Duluth considers aid to help redevelop Historic Old Central High School
A complicated package of assistance will be required to redevelop the school into an apartment building.
Plans to convert Duluth's Historic Old Central High School into a 125-unit apartment building are likely to require a large quantity of public subsidies. And the details of that proposed $18.96 million aid package are coming into clearer focus, thanks to documents recently shared with members of the Duluth Economic Development Authority and the City Council.
The components of the proposed aid include:
- $2.94 million in tax-increment financing.
- $8.9 million in state historic tax credits.
- $6.63 million in federal historic tax credits.
- And $460,000 in the way of a state environmental cleanup grant.
The fact that the would-be developer, Saturday Properties, needs financial help comes as little surprise to Adam Fulton, deputy director of Duluth's planning and economic development department, given the anticipated scale of the $43 million project.
"This is a marquee building in the city of Duluth. It's one the most important historic buildings in our city, and we're pleased that Saturday Properties is contemplating this investment," he said.
The school welcomed its first students in 1892. Designed by Emmet S. Palmer and Lucien P. Hall, its architecture was inspired by the Richardsonian Romanesque revival.
While the school has a rich history, Fulton predicted that restoring it will be expensive.
"When developers are looking at historic buildings, there's often increased costs related to the complexity around making sure the building retains its historic character or dealing with things like the abatement of lead paint," he said.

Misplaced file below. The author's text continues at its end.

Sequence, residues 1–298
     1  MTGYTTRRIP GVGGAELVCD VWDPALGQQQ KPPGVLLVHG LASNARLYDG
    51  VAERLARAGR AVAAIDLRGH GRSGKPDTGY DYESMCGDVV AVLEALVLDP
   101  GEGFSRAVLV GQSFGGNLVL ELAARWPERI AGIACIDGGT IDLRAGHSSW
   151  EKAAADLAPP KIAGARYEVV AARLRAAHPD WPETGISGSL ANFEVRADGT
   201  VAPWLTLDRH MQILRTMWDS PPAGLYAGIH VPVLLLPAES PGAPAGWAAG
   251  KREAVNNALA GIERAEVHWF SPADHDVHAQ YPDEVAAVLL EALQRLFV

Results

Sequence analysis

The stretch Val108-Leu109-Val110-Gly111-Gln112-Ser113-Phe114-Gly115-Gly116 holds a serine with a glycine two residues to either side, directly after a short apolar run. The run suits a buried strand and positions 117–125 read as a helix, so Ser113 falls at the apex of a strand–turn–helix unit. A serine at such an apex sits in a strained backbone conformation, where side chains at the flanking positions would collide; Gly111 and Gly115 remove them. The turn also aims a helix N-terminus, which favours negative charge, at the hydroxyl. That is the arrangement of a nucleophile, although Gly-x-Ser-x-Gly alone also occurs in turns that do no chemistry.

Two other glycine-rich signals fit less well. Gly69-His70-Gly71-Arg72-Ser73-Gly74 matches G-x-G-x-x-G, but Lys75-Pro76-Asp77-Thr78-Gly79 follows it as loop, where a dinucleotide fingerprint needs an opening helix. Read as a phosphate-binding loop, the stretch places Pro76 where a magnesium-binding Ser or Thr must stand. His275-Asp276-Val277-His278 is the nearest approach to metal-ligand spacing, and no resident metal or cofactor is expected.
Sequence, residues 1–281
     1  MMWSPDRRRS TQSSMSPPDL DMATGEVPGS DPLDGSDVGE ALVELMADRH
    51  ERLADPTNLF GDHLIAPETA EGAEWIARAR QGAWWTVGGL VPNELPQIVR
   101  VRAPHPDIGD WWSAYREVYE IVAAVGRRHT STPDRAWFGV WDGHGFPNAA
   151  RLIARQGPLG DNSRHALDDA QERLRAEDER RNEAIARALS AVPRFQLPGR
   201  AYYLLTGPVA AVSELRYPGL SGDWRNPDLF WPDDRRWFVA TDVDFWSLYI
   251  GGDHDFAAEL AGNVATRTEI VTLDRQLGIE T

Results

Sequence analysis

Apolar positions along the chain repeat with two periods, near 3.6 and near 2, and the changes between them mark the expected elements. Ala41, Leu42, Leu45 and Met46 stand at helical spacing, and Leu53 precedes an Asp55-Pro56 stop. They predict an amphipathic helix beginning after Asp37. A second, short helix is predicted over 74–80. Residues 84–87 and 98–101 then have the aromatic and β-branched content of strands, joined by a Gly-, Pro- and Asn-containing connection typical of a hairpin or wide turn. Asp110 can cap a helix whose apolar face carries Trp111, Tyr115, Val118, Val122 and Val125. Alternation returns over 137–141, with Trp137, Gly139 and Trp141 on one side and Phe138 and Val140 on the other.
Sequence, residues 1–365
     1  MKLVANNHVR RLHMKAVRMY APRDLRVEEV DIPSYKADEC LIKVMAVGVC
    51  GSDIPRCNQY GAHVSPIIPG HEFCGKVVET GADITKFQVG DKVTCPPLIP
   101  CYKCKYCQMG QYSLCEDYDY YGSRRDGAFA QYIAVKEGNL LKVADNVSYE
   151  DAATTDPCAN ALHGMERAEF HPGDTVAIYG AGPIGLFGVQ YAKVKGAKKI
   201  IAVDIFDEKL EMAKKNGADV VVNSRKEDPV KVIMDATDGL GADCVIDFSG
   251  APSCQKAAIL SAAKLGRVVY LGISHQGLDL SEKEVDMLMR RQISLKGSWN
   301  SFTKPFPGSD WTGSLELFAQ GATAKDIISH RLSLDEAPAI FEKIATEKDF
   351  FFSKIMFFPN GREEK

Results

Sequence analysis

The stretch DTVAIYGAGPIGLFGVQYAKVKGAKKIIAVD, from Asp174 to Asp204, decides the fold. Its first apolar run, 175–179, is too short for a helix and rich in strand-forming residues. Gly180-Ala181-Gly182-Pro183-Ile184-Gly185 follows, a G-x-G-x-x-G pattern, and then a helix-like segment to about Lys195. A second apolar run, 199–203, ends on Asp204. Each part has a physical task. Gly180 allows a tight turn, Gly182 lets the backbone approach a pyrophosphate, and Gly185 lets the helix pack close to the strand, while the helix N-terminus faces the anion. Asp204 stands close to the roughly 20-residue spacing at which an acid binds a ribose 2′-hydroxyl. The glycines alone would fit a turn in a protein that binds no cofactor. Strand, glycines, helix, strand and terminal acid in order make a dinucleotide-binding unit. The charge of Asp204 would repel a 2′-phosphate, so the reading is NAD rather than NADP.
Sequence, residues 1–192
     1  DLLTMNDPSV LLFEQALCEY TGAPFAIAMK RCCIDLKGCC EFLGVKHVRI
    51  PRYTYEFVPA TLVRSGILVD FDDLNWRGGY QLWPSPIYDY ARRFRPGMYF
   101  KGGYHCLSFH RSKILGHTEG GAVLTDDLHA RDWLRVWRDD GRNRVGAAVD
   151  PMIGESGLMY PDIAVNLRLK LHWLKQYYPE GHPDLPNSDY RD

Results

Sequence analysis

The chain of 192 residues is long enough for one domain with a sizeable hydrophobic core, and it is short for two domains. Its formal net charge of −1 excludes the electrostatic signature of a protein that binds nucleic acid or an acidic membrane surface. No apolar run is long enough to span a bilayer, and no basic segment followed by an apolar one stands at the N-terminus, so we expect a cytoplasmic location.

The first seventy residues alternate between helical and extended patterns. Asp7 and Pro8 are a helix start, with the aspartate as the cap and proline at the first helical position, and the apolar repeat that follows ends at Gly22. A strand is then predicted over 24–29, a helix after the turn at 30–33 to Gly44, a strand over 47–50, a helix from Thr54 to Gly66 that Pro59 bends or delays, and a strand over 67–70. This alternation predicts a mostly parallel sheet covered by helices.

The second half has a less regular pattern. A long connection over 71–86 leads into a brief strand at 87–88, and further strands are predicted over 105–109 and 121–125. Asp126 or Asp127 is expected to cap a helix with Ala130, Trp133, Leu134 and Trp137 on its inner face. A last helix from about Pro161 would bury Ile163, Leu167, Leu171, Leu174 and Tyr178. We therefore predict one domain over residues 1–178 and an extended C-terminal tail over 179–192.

"This building has deferred maintenance that needs to be addressed, and that's a large part of what the funding will be used for, but also for the conversion of the building to apartments," Fulton said.
Under the terms of a pending development agreement, he noted that 13 apartment units would be reserved and offered at reduced cost to households of modest means, earning no more than 60% of the area median income. The remainder of the building would be offered at market-rate rents.
Up until now, the school has been exempted from local property tax rolls. But as a privately owned apartment building, it is expected to generate $195,000 per year in additional taxes.
It most likely will be awhile before those funds begin to flow into the coffers of local government, however, as tax-increment financing is a form of subsidy that takes new taxes generated by a project and redirects them for a period of time to cover development costs. In the case of Historic Old Central, the proposed term of the TIF agreement is up to 26 years.
"When you think about catalytic projects in the core of the city, this is a piece of the puzzle for that. It takes up a full city block. And since it has not been a high school, it has not been utilized to its fullest potential.," Fulton said. "So, we are pleased to see this building being converted to apartment units and we look forward to having a greater level of activity here."